I told Wilma, “The mini-mission is good so you can see that you don’t want to do the big one.” She is crazy missing Christmas and New Years when she lives just a couple of train stops away. I don’t know if I would do it. I throw a lot of respect her way just for that. And when I was thinking this earlier, the thought came to me, “Well, you’re doing the same-but longer.” “But I have to,” came the reply in my mind. “Who told you you had to?” “A prophet of God.” It  wasn’t optional. But what she’s doing is quite optional and quite avoidable.

I was talking with Andrea and she asked me why I came on the mish. I told her first that I was being paid, but then I told her I didn’t have any place to be. “I thought…” and I paused here, not exactly wanting to bare my soul for someone who I barely know and probably in private dislikes me. “I thought it would be different.”  What I didn’t say was that I thought I would change for the better, I thought I’d return a different person. I was running away from myself on a superficial level because when the daily grind comes down on me, I want to stay who I am and not change at all. Of course, I couldn’t tell Andrea that so I said I came to pick up chicks…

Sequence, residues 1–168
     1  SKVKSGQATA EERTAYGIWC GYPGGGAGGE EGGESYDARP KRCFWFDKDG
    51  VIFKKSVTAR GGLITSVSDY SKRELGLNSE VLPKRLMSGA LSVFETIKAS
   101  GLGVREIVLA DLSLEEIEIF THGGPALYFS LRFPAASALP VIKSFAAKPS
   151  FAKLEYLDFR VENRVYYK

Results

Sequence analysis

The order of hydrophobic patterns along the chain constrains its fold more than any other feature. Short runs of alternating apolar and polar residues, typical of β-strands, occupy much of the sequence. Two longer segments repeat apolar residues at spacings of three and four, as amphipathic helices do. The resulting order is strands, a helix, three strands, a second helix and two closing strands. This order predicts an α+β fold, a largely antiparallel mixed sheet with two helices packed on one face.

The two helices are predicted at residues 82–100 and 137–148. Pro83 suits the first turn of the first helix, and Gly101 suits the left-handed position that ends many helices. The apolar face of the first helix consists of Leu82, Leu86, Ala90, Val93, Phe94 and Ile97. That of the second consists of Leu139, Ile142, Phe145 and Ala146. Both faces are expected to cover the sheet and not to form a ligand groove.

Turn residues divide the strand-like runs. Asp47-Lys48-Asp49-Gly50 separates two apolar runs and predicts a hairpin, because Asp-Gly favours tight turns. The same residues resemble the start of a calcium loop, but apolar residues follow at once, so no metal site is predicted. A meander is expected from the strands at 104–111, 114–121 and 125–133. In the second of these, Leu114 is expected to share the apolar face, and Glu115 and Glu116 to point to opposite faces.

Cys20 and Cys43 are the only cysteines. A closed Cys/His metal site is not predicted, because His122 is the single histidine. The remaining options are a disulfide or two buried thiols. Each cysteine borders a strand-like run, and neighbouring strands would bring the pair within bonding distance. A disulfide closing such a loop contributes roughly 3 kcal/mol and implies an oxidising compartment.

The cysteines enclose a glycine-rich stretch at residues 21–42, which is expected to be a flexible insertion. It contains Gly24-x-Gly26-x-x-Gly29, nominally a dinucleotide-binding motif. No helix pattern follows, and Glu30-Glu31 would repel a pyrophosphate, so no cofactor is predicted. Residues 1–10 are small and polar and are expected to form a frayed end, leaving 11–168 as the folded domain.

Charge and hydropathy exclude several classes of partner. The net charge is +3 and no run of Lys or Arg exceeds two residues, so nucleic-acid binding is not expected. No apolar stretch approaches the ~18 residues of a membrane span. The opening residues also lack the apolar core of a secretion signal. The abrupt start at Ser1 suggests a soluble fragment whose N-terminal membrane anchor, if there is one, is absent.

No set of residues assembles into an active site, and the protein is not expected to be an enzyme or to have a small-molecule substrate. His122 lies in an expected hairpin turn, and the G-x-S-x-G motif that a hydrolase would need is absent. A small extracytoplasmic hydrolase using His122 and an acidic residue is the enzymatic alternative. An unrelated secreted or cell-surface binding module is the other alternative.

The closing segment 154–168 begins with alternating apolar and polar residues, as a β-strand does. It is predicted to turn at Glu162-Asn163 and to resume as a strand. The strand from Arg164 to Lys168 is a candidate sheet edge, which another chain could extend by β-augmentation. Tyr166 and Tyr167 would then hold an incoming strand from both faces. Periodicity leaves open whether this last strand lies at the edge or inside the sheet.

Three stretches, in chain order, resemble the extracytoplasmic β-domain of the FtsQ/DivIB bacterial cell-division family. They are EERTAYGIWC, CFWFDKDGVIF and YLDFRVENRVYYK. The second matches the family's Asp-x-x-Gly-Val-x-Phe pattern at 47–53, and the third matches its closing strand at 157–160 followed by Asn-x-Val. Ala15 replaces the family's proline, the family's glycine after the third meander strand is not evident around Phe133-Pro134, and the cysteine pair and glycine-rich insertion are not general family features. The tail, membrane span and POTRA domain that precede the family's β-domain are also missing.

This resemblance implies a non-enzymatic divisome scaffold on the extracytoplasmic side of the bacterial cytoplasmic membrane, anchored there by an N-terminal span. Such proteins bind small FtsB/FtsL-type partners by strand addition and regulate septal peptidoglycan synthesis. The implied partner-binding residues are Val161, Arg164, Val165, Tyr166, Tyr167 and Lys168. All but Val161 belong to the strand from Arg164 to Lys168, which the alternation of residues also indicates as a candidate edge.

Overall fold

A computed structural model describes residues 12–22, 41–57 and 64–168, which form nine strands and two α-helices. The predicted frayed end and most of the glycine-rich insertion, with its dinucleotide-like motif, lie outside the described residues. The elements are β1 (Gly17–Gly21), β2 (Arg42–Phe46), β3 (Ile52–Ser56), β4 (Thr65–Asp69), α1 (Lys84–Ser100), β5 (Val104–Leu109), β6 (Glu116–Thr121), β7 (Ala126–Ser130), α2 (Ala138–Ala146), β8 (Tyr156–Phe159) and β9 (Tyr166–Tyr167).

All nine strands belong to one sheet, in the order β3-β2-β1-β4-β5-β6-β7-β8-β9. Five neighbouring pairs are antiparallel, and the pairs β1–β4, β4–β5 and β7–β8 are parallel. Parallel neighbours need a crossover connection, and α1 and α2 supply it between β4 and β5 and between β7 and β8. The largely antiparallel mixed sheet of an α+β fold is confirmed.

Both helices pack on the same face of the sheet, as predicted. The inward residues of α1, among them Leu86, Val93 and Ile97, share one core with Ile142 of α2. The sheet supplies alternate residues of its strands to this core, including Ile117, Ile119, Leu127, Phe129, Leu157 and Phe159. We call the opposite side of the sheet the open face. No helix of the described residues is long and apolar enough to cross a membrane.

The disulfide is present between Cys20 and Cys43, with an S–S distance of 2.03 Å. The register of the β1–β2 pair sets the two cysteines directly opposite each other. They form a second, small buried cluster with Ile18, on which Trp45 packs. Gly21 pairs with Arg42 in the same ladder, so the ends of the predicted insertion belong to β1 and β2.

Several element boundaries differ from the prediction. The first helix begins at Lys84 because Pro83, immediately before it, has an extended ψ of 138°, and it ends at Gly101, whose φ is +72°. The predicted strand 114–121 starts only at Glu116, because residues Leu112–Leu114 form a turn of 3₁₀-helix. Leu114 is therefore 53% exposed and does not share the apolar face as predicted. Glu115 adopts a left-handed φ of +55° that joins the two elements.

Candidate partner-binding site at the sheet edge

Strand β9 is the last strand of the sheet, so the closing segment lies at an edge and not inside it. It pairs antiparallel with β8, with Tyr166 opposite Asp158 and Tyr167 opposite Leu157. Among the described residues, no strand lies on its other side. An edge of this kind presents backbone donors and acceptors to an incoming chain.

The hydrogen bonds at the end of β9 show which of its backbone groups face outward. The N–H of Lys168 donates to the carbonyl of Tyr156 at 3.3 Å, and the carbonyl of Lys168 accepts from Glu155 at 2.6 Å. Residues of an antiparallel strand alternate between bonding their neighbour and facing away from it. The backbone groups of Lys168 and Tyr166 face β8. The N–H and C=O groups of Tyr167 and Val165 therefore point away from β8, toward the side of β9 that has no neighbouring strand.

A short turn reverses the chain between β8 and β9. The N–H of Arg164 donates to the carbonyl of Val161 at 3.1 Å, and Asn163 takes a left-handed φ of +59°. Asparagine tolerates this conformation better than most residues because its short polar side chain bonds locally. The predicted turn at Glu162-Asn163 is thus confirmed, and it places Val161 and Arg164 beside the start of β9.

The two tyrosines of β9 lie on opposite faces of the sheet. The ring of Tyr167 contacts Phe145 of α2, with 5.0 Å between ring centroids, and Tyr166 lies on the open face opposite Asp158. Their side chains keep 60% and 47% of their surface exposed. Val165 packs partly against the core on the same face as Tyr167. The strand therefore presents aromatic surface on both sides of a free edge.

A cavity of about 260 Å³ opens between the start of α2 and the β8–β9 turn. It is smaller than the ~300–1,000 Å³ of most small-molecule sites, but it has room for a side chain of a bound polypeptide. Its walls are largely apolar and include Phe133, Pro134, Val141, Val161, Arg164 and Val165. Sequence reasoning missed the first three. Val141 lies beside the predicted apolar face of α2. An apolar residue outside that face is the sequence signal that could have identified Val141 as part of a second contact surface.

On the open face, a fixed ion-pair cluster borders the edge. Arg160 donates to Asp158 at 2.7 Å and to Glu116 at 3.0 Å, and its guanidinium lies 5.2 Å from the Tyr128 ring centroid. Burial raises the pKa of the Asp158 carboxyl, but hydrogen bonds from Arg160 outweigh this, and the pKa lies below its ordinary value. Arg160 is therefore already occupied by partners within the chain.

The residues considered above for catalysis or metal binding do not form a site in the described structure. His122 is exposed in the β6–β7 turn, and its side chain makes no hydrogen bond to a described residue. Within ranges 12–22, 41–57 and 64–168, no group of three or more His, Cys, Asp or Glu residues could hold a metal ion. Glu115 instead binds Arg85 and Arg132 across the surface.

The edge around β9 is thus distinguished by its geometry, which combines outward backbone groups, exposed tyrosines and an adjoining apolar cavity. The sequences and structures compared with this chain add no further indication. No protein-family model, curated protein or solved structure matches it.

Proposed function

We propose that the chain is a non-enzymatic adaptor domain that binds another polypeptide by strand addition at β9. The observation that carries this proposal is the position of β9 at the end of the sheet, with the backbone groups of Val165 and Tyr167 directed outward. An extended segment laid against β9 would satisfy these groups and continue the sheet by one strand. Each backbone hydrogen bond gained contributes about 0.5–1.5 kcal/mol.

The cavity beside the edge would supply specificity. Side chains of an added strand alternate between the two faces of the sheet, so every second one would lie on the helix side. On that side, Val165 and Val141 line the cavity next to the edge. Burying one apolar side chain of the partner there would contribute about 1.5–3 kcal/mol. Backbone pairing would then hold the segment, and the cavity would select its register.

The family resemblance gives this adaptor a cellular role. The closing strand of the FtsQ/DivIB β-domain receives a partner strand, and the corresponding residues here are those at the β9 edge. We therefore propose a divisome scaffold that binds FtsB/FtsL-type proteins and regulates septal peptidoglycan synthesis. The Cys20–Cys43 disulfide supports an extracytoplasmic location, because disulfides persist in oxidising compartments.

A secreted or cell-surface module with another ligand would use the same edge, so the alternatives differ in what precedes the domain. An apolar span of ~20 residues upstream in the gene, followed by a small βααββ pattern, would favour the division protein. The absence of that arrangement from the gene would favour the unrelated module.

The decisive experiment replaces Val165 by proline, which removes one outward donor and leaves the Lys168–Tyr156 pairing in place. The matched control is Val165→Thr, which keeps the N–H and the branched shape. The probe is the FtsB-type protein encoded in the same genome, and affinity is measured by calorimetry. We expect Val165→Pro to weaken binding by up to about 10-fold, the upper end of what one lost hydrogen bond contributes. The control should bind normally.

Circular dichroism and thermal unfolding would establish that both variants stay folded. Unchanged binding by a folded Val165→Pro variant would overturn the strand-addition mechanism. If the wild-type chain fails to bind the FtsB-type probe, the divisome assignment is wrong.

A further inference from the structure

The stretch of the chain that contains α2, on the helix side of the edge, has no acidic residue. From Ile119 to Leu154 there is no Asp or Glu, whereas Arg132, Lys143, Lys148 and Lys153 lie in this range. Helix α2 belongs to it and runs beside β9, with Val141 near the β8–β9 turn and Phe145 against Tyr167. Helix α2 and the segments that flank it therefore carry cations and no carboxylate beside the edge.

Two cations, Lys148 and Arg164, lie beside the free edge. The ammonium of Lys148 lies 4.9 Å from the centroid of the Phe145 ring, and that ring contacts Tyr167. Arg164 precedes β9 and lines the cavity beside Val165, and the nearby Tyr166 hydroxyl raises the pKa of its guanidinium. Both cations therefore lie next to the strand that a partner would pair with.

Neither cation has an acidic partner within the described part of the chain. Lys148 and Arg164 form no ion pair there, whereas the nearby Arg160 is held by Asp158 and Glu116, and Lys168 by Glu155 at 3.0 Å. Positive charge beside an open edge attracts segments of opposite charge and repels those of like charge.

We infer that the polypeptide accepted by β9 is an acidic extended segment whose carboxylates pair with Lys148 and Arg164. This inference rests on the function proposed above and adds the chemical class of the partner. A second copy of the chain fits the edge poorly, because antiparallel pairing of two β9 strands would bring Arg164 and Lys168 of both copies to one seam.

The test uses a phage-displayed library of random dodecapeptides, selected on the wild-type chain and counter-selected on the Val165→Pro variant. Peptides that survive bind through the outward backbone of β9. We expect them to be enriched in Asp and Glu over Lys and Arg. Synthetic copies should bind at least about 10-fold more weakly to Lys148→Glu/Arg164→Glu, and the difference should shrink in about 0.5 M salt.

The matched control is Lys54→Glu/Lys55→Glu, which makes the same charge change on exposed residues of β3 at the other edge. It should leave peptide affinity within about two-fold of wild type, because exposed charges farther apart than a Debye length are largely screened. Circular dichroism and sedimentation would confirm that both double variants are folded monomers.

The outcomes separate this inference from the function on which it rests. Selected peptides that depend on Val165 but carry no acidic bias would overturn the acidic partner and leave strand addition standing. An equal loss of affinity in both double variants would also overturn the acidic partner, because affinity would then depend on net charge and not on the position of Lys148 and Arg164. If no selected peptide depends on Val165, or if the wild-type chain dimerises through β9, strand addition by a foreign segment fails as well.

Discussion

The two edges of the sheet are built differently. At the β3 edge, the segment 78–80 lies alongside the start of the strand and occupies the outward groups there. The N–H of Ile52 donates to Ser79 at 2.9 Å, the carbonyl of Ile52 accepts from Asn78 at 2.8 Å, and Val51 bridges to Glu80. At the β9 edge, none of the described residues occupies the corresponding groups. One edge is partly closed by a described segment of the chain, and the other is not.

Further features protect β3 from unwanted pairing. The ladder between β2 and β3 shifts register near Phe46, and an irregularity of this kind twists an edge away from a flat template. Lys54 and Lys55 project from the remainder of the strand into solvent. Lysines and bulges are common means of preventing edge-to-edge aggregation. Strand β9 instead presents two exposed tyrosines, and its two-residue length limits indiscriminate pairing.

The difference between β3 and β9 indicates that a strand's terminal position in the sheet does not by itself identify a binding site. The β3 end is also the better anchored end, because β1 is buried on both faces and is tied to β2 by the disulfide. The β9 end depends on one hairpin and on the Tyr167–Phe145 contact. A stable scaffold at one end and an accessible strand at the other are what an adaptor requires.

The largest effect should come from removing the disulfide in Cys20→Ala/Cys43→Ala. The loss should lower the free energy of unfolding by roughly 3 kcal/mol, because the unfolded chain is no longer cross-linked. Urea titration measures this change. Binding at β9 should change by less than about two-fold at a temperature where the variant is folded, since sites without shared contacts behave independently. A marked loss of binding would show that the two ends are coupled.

18 December 1997

We walked off to a mess of dirt roads in the middle of nowhere, technically called “Malvinas”…Cliff sometimes doesn’t know where to draw the line, which he demonstrated by asking the Stake Mission Counselor when they were going to change the name of the neighborhood to “Falklands.” Not too funny, just uncomfortable.

We missed the train of course, and thus had to take the bus home. We were trying to figure out how to get home. Andrea told us that Jefferson and Alvarez had already left on the last train until 3 or so and that we might as well wait for the train at 3:30 with them. But Wilma informed us that we could take any #52 bus out to Lujan. And Andrea said, “Why did you tell them? They would have had to wait with us for the train.” “Better that they go,” said Wilma. As we were walking out of the station, Andrea offered me one of their sandwiches. I told her she shouldn’t share because people are just bad and take and take and take. “People like…” and I trailed off here. “Like what?” “People like me,” I said. I asked her if she had put her bath towel on top of the sandwiches. “No.” “Well then, maybe I’ll have one,” I said, provoking laughs from both Wilma and Andrea. But I had realized seconds earlier that the reason I didn’t like receiving free stuff from people is because I like to live the Golden Rule and for my part to be justifiable, I have to want that others give me nothing. Worse was the guilt of knowing I wouldn’t have done the same thing for them. That is definitely the worst…It was nice of them to offer but in the end I did not accept.